On 13 June, 2018 Eurydice Dixon was raped and murdered while walking home. She was allegedly attacked by a man unknown to her.
Once the facts of Eurydice’s rape and murder were released to the public we saw an outpouring of furious discussion on social media, and not long after, we saw a litany of news articles consciously and unconsciously blame Eurydice for not keeping herself safe, for walking home late at night. What this effectively did, and does, is put the onus on Eurydice to protect herself and not on her alleged attacker. This is victim-blaming. It removes all responsibility from Eurydice’s alleged attacker and renders him invisible for his actions. This is not accountability. This is not how we will end men’s use of violence against women. In fact, this is how we support and perpetuate men’s use of violence against women.
Australian media outlets have a responsibility to bring us news and facts. As a community we expect media outlets to report accurately and ethically. The repercussions of victim-blaming further promote violence against women, and we demand change.
Following the event, we saw an overwhelming amount of women take to social media to highlight the hypocrisy of victim-blaming and how this leaves men who choose to use violence against women with little to no accountability for their actions. We saw Premier Daniel Andrews debunk victim-blaming myths, and while we appreciate the Victorian state leader’s powerful message, we need to see this on a national level; from federal and state leaders, employers, teachers, right down to local football club organisers.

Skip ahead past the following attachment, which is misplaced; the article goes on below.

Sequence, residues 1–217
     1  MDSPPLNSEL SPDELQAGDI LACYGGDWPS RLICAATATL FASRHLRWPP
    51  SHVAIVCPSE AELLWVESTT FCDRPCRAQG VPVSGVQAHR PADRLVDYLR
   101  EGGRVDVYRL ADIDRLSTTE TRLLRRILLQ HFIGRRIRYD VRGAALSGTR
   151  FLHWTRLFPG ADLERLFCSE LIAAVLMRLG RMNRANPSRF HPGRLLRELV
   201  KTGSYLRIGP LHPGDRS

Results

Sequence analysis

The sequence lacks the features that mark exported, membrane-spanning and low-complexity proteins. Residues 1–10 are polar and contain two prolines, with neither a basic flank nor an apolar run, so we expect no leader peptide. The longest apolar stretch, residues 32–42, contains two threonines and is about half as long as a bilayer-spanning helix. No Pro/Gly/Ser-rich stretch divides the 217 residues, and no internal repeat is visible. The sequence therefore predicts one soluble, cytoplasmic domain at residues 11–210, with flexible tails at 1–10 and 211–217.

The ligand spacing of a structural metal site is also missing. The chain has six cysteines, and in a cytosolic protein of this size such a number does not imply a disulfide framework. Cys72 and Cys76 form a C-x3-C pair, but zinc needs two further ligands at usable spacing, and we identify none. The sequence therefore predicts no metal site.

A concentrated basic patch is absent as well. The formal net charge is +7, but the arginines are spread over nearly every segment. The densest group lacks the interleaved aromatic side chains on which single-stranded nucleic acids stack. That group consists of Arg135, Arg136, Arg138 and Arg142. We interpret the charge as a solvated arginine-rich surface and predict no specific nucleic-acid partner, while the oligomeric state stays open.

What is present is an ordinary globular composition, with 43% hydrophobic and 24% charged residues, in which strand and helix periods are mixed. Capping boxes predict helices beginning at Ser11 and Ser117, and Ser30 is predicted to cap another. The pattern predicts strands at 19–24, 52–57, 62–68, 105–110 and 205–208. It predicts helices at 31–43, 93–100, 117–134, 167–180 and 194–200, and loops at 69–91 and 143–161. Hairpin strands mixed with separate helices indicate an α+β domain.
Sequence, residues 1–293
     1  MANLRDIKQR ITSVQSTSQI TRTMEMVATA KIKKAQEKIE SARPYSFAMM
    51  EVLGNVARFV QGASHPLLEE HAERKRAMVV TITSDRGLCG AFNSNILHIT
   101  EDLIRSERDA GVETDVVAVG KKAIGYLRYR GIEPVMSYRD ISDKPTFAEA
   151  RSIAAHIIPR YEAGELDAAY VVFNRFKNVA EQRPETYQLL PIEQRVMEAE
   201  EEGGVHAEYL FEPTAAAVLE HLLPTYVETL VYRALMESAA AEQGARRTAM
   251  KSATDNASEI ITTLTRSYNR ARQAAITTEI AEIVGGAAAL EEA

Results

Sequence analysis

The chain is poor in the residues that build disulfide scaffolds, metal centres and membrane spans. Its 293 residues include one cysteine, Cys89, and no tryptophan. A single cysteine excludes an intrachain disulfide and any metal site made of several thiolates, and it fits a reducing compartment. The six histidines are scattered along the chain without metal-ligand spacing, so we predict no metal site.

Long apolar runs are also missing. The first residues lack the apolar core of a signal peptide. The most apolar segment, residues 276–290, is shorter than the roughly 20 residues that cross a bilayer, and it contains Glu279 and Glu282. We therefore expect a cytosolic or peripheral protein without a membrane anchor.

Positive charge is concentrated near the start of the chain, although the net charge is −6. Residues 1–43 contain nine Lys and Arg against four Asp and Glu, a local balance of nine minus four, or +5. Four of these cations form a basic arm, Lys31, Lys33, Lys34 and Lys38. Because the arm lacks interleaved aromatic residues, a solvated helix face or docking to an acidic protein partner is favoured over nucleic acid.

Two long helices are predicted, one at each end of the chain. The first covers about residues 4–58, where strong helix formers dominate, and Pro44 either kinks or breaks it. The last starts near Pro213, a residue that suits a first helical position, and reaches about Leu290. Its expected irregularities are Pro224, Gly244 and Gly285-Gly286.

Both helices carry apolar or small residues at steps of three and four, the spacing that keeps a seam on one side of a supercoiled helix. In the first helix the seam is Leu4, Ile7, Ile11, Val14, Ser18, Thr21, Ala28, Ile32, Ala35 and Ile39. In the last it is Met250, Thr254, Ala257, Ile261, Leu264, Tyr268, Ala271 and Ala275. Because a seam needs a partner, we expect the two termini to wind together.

If we do not put the onus on men who choose to use violence against women, we effectively make him invisible in our minds and across social service and justice systems.
We cannot wait until it is too late. We cannot lose another woman’s life due to men’s use of violence. As a community, we must work with men who use violence against women, and men who hold violence-supporting attitudes toward women. If we do not work with men to support them to stop using violence against women, we will not stop violence against women.
No to Violence is Australia’s largest peak body representing individuals and organisations working to end men’s use of family violence. We operate nationally, and more specifically, we represent 150+ Victorian members’ views to government. While Victoria has seen a recent funding injection across men’s intake referral services and community-based Men’s Behaviour Change Programs, we need to see long term, federal investment in all mainstream and diverse perpetrator interventions, early-intervention, and primary prevention campaigns.
As a community, we have to work with violent men to bring about change.
When appropriate and safe, we can all do something to intervene and create a safe environment for women. For example, if you see a man’s use of violence against a woman publicly, or if you hear something happening untoward next door, you can do something. If you hear or see violence-supporting attitudes displayed by coworkers, you can do something.
We must ensure that men who use violence are visible in our minds, and across social service and justice systems.
If you or someone you know is in immediate danger please call 000.
If you have experienced family and/or sexual violence and require support please call 1800RESPECT (1800 737 732).
If you are concerned about your own behaviour, or would like further support or information about how to intervene safely, please call the Men’s Referral Service 1300 766 491 or head to ntv.org.au to chat online.